After releasing a pair of 7”s in 2016 and ’17 respectively and then honing their talents with a seemingly endless string of live dates, it seemed only natural that Texan doom/stoner metal band Doomstress would eventually get around to recording a long-awaited full length album. It’s every stoner band’s dream to create something that pays homage to either a Rodger Bain production of the early 70s or recycle that warm and fuzzy goodness as per the early Fu Manchu records and this debut from Doomstress does a fine job of capturing both aspects. Despite the studio often dulling the power in a performance, this album shows off a very natural sound, throughout, which of course is just perfect for the style in hand.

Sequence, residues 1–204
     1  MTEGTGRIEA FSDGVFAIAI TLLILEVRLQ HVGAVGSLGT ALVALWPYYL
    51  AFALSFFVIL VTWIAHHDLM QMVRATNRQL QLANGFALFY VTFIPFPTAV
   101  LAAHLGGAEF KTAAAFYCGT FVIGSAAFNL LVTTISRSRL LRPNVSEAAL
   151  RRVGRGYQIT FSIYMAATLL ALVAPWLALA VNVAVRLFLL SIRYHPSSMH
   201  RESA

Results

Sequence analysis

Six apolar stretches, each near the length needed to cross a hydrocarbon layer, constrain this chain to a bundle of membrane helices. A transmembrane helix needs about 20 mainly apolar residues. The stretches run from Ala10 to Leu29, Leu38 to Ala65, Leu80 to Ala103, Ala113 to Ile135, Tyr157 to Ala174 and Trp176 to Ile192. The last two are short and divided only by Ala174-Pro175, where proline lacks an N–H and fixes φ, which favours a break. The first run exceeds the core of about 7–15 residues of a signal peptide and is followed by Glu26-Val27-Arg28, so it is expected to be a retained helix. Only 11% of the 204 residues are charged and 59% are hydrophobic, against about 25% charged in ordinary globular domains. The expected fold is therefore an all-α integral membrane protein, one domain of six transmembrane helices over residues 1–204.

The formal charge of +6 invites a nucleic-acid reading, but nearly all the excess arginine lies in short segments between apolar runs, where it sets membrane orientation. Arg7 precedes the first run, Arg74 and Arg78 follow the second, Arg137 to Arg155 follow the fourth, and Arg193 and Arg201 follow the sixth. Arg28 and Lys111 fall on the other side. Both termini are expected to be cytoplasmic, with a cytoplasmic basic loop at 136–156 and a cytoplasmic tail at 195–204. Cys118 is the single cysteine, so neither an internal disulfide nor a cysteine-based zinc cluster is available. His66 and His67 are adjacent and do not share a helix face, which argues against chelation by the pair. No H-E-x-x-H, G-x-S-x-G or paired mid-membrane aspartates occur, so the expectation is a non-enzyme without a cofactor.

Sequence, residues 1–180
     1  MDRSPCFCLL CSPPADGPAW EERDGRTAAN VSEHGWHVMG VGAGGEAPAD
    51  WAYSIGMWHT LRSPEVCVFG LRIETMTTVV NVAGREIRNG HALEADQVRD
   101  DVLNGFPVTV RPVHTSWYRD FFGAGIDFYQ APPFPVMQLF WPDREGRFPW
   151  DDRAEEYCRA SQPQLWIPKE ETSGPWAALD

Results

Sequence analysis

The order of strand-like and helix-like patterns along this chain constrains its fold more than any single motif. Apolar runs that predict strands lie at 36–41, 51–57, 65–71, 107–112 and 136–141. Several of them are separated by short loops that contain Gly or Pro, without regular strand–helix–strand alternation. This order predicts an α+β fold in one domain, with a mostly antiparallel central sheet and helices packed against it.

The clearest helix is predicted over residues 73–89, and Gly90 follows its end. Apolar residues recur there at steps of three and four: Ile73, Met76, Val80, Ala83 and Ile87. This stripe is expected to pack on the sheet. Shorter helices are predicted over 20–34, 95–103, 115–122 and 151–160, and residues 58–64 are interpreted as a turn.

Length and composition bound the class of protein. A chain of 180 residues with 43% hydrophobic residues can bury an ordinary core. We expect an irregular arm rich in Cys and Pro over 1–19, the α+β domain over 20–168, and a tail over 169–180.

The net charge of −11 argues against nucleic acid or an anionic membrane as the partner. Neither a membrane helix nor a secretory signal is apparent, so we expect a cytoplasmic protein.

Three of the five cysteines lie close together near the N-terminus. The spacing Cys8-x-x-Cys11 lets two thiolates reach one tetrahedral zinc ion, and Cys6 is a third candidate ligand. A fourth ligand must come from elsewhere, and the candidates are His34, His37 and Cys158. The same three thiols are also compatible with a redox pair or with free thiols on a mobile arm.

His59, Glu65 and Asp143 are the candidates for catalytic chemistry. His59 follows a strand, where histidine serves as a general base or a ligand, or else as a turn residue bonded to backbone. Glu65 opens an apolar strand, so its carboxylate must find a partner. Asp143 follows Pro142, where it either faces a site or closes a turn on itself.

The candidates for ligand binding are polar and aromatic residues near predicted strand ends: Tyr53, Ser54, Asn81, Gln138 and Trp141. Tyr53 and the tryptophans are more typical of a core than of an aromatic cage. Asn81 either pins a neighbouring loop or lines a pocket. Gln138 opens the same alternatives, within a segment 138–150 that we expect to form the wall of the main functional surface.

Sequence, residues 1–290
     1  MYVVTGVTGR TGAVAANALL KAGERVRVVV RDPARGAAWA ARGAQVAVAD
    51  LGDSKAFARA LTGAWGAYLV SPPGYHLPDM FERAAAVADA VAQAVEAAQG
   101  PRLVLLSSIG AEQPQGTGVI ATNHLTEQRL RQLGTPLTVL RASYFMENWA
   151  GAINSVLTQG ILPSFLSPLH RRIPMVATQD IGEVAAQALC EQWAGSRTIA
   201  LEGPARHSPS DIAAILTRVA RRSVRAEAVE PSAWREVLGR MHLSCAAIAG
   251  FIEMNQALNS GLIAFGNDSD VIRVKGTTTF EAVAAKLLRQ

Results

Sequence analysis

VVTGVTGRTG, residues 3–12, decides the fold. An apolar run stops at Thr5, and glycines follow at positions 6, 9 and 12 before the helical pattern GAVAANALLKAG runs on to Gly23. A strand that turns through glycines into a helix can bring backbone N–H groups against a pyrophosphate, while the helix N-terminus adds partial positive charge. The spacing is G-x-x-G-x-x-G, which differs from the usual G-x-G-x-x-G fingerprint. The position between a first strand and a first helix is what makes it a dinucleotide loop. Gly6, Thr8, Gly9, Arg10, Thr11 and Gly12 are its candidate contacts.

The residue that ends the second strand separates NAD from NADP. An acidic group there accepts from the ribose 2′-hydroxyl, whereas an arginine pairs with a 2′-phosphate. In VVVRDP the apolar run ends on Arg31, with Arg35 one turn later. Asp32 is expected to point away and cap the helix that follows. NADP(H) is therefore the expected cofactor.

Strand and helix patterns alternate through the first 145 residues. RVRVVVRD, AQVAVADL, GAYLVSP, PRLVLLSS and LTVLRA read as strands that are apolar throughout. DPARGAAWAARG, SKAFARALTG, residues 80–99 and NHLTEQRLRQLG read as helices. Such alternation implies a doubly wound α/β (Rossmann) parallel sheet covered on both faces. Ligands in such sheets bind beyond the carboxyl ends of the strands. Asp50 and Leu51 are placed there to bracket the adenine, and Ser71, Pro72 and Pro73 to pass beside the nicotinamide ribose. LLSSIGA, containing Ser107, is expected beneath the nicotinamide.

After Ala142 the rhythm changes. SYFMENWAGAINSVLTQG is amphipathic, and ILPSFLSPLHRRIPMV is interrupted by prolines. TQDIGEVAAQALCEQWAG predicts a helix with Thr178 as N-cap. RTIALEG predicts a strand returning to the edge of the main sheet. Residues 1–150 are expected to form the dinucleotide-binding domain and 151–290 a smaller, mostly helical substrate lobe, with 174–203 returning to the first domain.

The opener ‘Bitter Plea’ blends a couple of heavy styles, resulting in a fat and swaggering sound that’s three parts stoner metal and one part Texan groove, sounding like an old Black Sabbath classic replayed by Corrosion of Conformity, with a couple of nods to HellYeah thrown in for good measure. There are moments where the chugging sounds feel as if they’ll never break from their initial intent, but this isn’t actually the case: along the way, strong melodies are introduced via some tight twin lead guitar work from Brandon Johnson and Matt Taylor, while frontwoman Alexis adds a slightly haunting vocal and some solid bass sounds. It’s certainly a number that relies more on its musical arrangement than any kind of chorus hook, but in terms of creating a first impression for most listeners, it cannot be faulted. Sliding into ‘Burning Lotus’ the fascination with various 80s influenced lead guitar parts is far more in evidence, which contrasted with a very 70s production sound and dirty riff manages to cover a lot of ground, metal wise. With a constant heaviness that’s as much about melody and more than a few blues-fuelled tones that connect with the concurrent album by The Riven, it really reinforces a feeling that old-school sounds will never die. Although it gives drummer Tomasz Scull a much more aggressive workout than before, the number is pretty much owned by Alexis, who manages to adopt a vocal sound that’s about as perfect an approximation of Geddy Lee circa 1981 as you’ll ever hear.